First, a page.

Today, a thought about math education, parents, and the camel's back. The University of Houston's College of Engineering presents this series about the machines that make our civilization run, and the people whose ingenuity created them.
Crises don't reach us step-by-step. They arrive all at once. The camel seems comfortable under his load until we add just one straw too many. Writer Malcom Gladwell talks about tipping points in human affairs. A heavy kid sits on one end of a teeter-totter. He holds a skinny kid hostage at the other end -- up in the air. As the skinny kid's friends hand him one brick at a time, nothing happens. Finally one last brick and the heavy kid rises helplessly. The tipping point has been reached. It's his turn to be a hostage.
The math we learned in school prepared us to expect linear behavior in the world around us. We expect things to be proportional to one another. Hand the skinny kid one brick and the heavy kid should rise an inch, shouldn't he? Well, that's not how life is.
Look at disease, says Gladwell. Imagine a 24-hour flu going around. There's one chance in 50 a sick person will transmit it when he meets a well person. If he meets 45 people a day the disease dies out. But at Christmastime our sick person meets 55 people a day -- on the bus and in the malls. Now we face an epidemic.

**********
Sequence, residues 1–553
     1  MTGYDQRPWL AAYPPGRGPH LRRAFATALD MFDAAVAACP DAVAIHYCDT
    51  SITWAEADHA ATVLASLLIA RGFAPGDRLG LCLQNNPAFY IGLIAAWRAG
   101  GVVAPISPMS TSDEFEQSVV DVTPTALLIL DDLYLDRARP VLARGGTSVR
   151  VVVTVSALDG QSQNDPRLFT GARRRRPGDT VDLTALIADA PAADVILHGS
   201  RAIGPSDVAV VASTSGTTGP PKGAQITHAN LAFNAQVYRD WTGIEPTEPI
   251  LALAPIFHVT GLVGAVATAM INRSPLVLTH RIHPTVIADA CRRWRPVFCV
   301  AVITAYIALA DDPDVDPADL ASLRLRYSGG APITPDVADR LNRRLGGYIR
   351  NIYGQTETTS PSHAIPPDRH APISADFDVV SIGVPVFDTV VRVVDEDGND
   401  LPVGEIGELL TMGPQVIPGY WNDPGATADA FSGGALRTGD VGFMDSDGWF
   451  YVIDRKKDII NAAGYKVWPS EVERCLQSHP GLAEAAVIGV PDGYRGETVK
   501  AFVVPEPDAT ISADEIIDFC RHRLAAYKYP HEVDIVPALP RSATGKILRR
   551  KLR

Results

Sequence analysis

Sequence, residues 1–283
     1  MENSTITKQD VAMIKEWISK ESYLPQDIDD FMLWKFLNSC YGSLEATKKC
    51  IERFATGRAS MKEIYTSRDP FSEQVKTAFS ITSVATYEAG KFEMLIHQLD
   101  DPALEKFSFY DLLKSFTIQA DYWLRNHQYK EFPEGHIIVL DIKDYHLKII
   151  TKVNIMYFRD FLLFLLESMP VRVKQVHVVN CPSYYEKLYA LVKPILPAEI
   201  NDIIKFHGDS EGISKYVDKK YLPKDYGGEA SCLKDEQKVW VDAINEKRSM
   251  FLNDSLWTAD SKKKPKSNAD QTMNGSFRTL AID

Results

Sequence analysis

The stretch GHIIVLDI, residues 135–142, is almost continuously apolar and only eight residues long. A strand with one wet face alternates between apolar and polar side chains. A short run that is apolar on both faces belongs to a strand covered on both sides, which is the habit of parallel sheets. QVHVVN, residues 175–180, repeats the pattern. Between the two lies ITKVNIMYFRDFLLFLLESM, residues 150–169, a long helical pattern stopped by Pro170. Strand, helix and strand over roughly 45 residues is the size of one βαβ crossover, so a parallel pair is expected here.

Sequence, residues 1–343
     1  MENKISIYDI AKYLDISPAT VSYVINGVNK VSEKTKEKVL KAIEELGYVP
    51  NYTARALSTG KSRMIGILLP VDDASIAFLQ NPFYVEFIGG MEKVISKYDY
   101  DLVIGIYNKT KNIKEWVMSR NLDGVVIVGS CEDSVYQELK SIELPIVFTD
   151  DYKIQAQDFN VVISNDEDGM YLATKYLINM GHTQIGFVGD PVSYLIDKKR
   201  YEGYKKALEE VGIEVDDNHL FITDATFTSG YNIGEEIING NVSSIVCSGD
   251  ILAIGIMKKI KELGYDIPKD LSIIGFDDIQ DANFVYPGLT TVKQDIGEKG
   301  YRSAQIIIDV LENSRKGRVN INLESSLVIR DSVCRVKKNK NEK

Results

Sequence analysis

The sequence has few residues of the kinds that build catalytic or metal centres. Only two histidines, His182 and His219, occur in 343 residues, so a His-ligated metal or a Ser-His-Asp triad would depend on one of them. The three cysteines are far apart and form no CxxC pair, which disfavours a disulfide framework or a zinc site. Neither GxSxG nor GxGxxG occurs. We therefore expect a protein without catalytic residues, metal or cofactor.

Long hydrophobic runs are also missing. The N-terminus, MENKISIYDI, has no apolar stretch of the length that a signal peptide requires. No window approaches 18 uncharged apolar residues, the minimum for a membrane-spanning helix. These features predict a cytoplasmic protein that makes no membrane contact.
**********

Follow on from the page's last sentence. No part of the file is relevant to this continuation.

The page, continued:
Gladwell's most startling example is crime in New York City. Not too many years ago, many people thought the city was doomed. Crime rates were alarmingly high. Today, in a short time, violent crime in New York City has dropped to number 36 among major American cities. It's now on a level with Boise, Idaho. What happened?
Chief of Police William Bratton made a few seemingly small changes. He put a few more foot police in bad neighborhoods, cracked down on minor dope peddlers, rousted loiterers. He recognized what crime has in common with disease. Both are contagious.
A Stanford psychologist did a telling experiment. He parked two cars in a bad neighborhood: one in good condition, the other with no plates and the hood open. Soon everything of value had been stolen from the ratty car. The clean car was untouched. Ratty environments evoke ratty behavior. Crime really is contagious. To achieve remission Bratton reduced contact with the disease.
We face our own tipping point in education. Public school students come to universities with poorer and poorer math preparation. In math-based colleges like engineering, science, and business we've suddenly reached a point were we must choose between an alarmingly high failure rate or an alarming lowering of standards.
Maybe in this case we can recognize a nonlinear tipping point and do something about it. The tipping point is parental interest. Gladwell quotes more data: at a certain point, a tiny decrease in the number of parents who value education can cause education in a school to suffer terribly. Parents tip the balance in our schools. To empower our children with a knowledge of math and science we must convince just a few parents. It takes only a few to tip the balance, and do great good.
I'm John Lienhard, at the University of Houston, where we're interested in the way inventive minds work.
Gladwell, M. The Tipping Point. New Yorker, June 3, 1996, pp. 31ff.
I am grateful to UH Chancellor William Hobby for drawing my attention to the tipping-point idea and for providing a copy of Gladwell's article.